CITY HALL — When Deputy City Attorney Gary Rhoades isn’t prosecuting scams, he’s creating them.

While Rhoades, who works in City Hall’s Consumer Protection Unit, isn’t actually ripping off unsuspecting clients, he has embarked on a new creative venture that through a series of bogus Web sites tells the story of a thieving fictional character named Edgar Scattergood, who dupes grieving families of unpublished poets into paying him for so-called Posthumous Vanity Publishing services.

“I write poetry myself and know other poets,” he said. “It seemed like a fun thing to make fun of.”

The project involves Rhoades’ brother Alex, who designed the sites, and fellow Deputy City Attorney Barbara Greenstein, who has written several posts from the perspective of the fictional Deputy District Attorney Carla Found, who is prosecuting Scattergood and a complicit UCLA English professor, and the defendant’s attorney, Simon Singh.

The idea for the dark comedy came more than a year ago after Rhoades, who was curious from prosecuting a number of cases involving scam artists, decided to take on the mindset of such a criminal. An unpublished poet himself, Rhoades spent some time at a hay farm he owns in Missouri with Alex to brainstorm a plot and figure out the best medium to tell the story.

They ended up creating four connected Web sites —,,, and The multiple Web sites are actually an attribute commonly found in scams, Rhoades said.

“Scam artists will create a cluster of Web sites that when people are going through them and clicking on the links, will go to another Web site and get this illusion of depth,” he said.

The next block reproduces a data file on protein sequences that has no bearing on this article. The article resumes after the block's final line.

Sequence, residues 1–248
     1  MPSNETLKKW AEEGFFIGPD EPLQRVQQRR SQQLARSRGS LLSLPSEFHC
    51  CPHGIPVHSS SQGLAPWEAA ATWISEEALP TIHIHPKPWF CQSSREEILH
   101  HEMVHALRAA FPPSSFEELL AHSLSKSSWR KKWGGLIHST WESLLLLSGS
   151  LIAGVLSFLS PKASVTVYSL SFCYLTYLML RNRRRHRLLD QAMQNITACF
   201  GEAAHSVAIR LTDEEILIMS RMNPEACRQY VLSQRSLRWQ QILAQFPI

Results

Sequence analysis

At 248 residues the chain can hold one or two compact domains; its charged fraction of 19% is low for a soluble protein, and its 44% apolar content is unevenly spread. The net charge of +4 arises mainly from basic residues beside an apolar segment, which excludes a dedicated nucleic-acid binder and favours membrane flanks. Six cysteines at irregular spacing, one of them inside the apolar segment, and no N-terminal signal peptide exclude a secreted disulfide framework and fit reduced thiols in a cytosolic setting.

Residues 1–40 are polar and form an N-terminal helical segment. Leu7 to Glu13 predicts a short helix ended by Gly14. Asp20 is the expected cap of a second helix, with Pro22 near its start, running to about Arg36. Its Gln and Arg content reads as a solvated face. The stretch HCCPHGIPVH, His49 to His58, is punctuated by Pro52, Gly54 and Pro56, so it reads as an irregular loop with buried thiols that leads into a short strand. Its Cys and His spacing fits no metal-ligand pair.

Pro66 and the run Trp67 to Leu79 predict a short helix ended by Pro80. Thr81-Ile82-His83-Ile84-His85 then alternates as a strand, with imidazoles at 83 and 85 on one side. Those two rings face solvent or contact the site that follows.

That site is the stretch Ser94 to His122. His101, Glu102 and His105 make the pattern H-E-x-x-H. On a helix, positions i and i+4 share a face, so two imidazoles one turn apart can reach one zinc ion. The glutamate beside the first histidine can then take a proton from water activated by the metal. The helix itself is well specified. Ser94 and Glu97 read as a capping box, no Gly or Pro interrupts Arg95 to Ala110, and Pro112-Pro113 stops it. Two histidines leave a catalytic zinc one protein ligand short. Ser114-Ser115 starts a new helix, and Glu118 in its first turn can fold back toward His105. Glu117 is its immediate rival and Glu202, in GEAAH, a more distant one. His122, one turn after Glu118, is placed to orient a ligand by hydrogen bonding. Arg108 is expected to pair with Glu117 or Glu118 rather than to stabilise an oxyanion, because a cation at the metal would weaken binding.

The sites each include a fake press release issued by the Los Angeles District Attorney’s Office detailing the case and listing the terms of an injunction order by a Los Angeles Superior Court Judge out of the Santa Monica Courthouse, including ceasing all solicitations of new contracts and fulfilling those that have been disputed. Those works are published on some of the Web sites, including a poem on The Cartoon Cowgirl Forever.

One of those cases involves a family from the Missouri Ozarks who paid at least $20,000 to create the Hayfield Forever where their deceased poet’s piece, “The Hayfield,” was to be published. The UCLA professor also promised to provide annotations and commentary to assist the family in understanding the poem. One of the terms of the injunction orders the UCLA English Department to fulfill that service, forcing Scattergood to pay for scholars to travel to the Ozarks.

Through his online business, Scattergood also offers other services, including eGraves and Grexting, which allows families to send text messages to their deceased loved ones. One of the sites, Forever Prized, includes samples of text messages sent from prior clients, none of which obviously include a response from the decedent.

“I think we’ve created a new service that people can’t do without,” Rhoades joked.

Rhoades added that he has not received any e-mails from visitors who thought the services were legitimate.

“We hope that some of the over the top nature of some of the stuff clues them in … that this isn’t a real service,” he said.

The project is scheduled to last until mid-September when the fictional case is set to conclude. The story will take on several themes, including one comparing country and city life, and another that will be an adaptation of “LOST,” instead focusing on a team of scholars stuck out in the Ozarks. Rhoades said the site will remain thereafter as a full story in its finished form.

Greenstein, who works in the municipal law division, said she did some research before taking on the project, talking to Rhoades and several other Consumer Protection attorneys.

“I’ve been trying to imagine Carla’s character and imagine other cases that she’s working on,” Greenstein, who has been taking creative writing workshops for about seven years, said. “I’m imagining a journal that she wrote when she was 20, trying to fill out who she is as a person, and that is a fun thing to do.”

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